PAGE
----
Public Attitudes Toward Animal Research: Some International Comparisons
Evaluates public opinion in fifteen countries regarding the use of animals for scientific research; analysis includes differences by country, gender, and degree of knowledge about science.
Greatest opposition to animal research found in France, where 68% either strongly disagreed or disagreed with it.
In U.S., both opposition and support for animal research were of a moderate nature.
In each of the 15 countries a greater percentage of women than men were opposed to animal research.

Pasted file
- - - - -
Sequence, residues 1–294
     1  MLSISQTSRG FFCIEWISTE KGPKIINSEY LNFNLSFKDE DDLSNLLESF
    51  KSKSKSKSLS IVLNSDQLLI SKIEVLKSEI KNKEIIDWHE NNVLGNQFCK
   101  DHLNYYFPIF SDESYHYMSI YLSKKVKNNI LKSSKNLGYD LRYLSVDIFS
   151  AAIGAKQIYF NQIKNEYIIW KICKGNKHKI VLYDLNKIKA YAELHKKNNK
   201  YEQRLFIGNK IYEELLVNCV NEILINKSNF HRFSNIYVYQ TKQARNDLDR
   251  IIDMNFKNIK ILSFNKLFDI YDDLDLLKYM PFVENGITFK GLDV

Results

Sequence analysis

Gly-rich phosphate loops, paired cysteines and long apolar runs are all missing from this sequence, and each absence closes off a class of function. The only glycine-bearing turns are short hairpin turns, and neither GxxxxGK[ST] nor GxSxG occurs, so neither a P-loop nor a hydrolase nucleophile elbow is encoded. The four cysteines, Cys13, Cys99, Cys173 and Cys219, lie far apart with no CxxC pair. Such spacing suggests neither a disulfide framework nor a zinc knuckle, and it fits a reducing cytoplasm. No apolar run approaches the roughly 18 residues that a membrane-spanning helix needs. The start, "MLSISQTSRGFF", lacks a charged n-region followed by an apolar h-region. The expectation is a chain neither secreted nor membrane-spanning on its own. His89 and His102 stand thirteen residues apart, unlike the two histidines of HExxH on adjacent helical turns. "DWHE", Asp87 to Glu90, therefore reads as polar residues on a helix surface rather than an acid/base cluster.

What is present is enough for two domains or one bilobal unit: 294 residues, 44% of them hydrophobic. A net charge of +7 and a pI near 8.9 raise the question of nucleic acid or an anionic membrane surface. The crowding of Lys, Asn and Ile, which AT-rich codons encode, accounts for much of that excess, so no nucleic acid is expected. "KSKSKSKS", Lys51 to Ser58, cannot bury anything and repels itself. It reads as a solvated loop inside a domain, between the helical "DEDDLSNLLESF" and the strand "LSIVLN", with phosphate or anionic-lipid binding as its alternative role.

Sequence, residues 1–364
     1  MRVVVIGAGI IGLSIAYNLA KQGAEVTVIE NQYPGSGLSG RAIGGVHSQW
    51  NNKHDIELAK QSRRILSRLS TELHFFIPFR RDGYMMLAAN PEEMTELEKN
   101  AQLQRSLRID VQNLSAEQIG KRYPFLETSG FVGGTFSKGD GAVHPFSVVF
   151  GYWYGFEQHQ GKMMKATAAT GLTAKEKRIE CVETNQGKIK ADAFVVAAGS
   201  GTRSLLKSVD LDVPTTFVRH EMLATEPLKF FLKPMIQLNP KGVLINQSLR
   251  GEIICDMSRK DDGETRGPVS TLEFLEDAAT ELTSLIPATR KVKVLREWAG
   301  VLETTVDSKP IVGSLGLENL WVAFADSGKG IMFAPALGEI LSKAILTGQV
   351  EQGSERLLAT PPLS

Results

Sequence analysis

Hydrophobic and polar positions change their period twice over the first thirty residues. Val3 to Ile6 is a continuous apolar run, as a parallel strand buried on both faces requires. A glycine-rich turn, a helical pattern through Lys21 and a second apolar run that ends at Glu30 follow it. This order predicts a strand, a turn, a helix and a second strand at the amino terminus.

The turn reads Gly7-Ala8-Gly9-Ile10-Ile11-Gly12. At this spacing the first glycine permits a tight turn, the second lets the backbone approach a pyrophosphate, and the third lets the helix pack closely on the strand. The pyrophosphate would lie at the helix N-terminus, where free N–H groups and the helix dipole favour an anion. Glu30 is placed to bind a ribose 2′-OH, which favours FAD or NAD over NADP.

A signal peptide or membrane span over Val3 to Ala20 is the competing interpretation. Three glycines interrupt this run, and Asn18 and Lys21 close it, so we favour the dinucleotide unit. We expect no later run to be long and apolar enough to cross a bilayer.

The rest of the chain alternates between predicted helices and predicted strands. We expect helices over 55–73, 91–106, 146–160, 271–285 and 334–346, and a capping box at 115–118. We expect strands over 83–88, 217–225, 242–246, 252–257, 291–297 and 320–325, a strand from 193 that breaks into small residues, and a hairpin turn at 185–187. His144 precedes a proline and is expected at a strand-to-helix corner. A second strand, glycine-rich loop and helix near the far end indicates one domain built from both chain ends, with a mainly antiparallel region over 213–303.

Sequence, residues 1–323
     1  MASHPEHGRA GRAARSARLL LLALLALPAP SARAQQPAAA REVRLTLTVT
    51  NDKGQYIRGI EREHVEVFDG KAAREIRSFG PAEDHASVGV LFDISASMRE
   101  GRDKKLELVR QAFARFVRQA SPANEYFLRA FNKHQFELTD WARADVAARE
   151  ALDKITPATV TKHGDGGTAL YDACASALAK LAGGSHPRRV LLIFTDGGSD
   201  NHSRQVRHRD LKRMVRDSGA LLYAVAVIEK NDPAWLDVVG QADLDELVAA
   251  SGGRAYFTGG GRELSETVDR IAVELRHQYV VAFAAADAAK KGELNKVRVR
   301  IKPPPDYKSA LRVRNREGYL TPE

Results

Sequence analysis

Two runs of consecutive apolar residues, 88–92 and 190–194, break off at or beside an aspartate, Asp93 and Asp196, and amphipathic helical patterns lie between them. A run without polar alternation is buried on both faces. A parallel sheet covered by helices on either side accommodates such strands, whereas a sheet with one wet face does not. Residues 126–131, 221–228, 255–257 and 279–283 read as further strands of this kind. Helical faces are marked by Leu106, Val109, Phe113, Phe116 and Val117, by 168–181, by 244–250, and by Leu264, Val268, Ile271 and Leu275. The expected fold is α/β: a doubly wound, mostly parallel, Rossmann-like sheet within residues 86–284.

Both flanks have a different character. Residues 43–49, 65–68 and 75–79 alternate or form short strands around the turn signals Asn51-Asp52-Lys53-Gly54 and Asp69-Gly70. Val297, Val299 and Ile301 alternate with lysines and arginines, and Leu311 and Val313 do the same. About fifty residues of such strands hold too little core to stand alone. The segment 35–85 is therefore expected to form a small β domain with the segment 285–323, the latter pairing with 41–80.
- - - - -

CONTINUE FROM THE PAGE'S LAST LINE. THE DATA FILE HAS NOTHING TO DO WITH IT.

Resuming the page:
The largest gender difference occurred in the Netherlands where 32% of men and 58% of women indicated that they were opposed to animal research. The smallest gender difference occurred in the former West Germany where both men (66%) and women (67%) were opposed to animal research. In the United States, over 50% of women and only about 30% of men were opposed to animal research.
A significant relationship exists between scientific knowledge and attitudes toward animal research in all but France and the United States.
Concern for environmental issues is significantly related to attitudes toward animal research in eleven of the nations.
Some linkage between a nation’s level of industrialization and urbanization and attitudes toward animal research. Within the European Community, the two least industrialized and urban countries had the lowest level of opposition to animal research.